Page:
W. A. I. T. - Why Am I Talking?
How would you answer the question “Why am I talking?”
1. Because everyone else is talking.
2. I have an urge to talk.
3. I want attention.
4. In order to communicate with a purpose
5. I don't know.
In our society, a lot of talk seems routine and automatic. By contrast, in Finland (ironically, the cellphone capital of the world) people speak with few words, apparently having done some thinking before verbalizing. Or, as one anthropologist has suggested, due to a certain cultural shyness.
Most of the talk I witness does not seem to be mindful. A lot of talk seems empty of real value except for the quite Useful purpose of bonding people. That's the function of small talk. However, even that bonding purpose seems bankrupt if a person needs to make ten phone calls a day to the same friend, spouse, or relative.
Most Behavior is Out-of-Awareness
Many of our behaviors are habitual. We can drive a car, ride a bike, type a sentence, or walk into the next room without thinking about what we're doing. We can just “do it.” The same can be said of our talking behavior. We can easily go `on automatic` without being aware of why we are talking or even what we are saying.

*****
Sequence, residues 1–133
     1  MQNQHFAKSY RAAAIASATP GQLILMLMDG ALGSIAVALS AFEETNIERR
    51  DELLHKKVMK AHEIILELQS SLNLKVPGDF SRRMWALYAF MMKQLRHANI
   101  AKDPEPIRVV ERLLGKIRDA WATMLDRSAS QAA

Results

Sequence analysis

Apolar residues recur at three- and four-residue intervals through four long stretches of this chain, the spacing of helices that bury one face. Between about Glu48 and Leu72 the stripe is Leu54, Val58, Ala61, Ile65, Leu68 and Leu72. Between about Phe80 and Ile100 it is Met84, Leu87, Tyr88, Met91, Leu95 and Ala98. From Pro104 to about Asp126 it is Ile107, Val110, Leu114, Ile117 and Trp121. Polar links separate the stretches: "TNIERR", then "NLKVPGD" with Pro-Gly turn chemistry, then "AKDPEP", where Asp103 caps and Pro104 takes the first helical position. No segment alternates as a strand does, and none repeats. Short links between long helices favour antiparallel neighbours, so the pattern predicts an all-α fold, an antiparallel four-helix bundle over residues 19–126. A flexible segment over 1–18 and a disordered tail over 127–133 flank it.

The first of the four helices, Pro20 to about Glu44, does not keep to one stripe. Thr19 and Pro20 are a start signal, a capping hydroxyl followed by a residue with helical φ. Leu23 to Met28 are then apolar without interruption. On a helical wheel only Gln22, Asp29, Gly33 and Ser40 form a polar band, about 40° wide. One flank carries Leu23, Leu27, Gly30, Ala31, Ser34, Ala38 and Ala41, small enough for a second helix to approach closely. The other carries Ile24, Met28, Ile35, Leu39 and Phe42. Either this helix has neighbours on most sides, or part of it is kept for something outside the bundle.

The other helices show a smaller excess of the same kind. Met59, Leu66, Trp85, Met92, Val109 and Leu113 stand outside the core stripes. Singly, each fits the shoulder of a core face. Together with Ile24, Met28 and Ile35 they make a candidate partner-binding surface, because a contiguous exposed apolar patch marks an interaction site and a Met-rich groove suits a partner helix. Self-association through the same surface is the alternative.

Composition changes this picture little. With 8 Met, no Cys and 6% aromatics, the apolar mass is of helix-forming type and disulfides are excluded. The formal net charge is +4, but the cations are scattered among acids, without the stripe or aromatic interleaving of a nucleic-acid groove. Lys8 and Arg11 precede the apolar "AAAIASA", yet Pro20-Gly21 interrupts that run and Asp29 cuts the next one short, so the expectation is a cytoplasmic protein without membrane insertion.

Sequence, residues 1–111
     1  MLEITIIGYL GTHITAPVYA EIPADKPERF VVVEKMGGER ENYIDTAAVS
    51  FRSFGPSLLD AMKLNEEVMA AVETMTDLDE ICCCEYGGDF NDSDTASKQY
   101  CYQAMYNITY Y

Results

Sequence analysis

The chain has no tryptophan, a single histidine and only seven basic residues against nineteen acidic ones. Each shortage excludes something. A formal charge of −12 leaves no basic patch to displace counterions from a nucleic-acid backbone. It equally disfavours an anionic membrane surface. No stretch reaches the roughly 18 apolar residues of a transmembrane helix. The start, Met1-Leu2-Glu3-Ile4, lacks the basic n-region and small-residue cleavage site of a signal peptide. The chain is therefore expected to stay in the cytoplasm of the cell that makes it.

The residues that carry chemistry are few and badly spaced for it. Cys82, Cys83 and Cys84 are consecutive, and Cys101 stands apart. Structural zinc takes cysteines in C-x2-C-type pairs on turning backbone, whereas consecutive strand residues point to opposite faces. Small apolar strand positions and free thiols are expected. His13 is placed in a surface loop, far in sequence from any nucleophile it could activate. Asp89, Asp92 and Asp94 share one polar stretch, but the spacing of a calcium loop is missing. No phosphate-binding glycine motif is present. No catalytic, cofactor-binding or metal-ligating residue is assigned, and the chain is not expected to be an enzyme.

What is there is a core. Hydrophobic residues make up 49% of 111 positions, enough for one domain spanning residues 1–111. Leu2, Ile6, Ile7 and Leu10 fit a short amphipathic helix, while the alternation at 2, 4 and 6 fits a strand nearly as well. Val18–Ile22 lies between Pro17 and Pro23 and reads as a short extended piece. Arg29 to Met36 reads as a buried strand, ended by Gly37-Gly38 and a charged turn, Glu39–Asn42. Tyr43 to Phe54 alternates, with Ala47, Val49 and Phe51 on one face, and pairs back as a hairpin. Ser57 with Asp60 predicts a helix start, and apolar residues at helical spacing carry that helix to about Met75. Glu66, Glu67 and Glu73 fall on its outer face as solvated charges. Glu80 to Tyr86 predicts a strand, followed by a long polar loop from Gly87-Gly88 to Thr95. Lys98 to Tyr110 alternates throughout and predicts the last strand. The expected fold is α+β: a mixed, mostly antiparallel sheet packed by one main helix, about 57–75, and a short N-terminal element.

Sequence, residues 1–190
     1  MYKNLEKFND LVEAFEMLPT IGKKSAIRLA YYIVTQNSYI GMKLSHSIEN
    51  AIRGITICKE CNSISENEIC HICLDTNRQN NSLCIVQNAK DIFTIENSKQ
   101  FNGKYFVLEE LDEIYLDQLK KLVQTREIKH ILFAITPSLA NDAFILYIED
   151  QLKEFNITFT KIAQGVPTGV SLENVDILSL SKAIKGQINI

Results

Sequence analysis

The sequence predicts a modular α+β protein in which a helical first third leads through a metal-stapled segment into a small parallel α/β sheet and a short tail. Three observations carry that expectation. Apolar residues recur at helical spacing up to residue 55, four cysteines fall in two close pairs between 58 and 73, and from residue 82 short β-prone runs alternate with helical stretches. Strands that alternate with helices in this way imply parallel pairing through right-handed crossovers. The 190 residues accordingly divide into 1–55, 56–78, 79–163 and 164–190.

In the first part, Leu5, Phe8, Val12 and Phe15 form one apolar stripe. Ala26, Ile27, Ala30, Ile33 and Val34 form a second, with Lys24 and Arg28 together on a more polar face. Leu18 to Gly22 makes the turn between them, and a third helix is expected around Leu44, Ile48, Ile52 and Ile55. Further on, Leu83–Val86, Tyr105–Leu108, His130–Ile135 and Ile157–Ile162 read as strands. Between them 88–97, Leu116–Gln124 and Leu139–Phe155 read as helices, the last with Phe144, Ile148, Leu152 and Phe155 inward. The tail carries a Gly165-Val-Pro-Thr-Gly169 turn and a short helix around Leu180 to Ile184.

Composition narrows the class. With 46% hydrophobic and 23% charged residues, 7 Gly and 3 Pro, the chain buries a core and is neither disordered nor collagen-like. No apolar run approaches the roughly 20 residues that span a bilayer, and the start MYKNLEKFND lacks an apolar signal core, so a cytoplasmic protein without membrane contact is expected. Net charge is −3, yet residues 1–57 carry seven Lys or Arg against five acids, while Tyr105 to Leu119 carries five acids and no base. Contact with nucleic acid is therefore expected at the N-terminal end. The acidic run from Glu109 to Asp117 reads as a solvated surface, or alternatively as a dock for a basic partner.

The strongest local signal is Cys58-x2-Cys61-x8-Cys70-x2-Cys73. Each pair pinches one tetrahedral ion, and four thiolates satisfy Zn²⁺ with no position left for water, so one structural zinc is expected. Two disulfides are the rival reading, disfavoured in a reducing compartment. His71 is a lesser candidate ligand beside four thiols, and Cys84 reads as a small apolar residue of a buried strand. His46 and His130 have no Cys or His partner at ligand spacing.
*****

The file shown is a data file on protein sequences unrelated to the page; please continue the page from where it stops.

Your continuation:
How often do people apply conscious guidelines before Talking such as these suggested by Henry Babcock?
`When I want to speak, let me think first:
-Is it true?
-Is it kind?
-Is it necessary?
If not, let it be left unsaid.`
No Talking Allowed
We discover how automatic our talking is when we are required to be silent for long periods of time. For example, during a yoga or zen silent retreat, rules may require hours or even days of silence. No talking. Time is to be used for individual meditation and reflection. Many persons find this a very difficult thing to do.
Native Americans Careful About Talk
In a Native American Iroquois Council, members speak in a lean, succinct manner, often interspersing talk with periods of silence. Speakers are mindful of the power of their words and their responsibility in uttering them. This cultural form has increasingly been borrowed by non-native groups in order to bring the quality of mindfulness to a discussion.
Similarly, in the ancient Hawaiian system of Ho`oponopono (group problem-solving through discussion), the leader calls a time-out for all to become still if discussants raise their voices, speak blamefully, or begin to argue. Each is reminded to speak their truth in a respectful manner.
So much talk is out-of-awareness that certain speakers are quick to deny what they said. They may continue to insist that `I didn't say that` until a recording is played back to them. Even psychiatrists in training, ostensibly among the most aware of communicators, have been shocked when they observed their talking and nonverbal behavior when played back to them on video.
How do we become more purposeful in our conversations? We must first see value in mindfulness, and then we must commit to being more mindful. We may need to ask for honest feedback from others, or we may need a recording and listen to the playback.
Speaker and consultant Allen Weiss writes,
“Do you know what ‘measure twice, cut once' means, interpersonally? It means that you should think long and hard before saying something damaging to someone else, because you can never `undo` the cut.”